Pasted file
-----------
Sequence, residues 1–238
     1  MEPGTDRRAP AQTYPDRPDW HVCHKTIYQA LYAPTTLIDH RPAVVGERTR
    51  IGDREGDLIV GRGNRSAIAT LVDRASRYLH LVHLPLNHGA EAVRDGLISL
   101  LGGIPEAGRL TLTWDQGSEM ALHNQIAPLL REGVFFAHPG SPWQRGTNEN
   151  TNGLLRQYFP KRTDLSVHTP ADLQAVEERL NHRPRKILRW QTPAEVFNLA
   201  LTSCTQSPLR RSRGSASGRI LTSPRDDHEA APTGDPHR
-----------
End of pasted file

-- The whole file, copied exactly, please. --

Sequence, residues 1–238
     1  MEPGTDRRAP AQTYPDRPDW HVCHKTIYQA LYAPTTLIDH RPAVVGERTR
    51  IGDREGDLIV GRGNRSAIAT LVDRASRYLH LVHLPLNHGA EAVRDGLISL
   101  LGGIPEAGRL TLTWDQGSEM ALHNQIAPLL REGVFFAHPG SPWQRGTNEN
   151  TNGLLRQYFP KRTDLSVHTP ADLQAVEERL NHRPRKILRW QTPAEVFNLA
   201  LTSCTQSPLR RSRGSASGRI LTSPRDDHEA APTGDPHR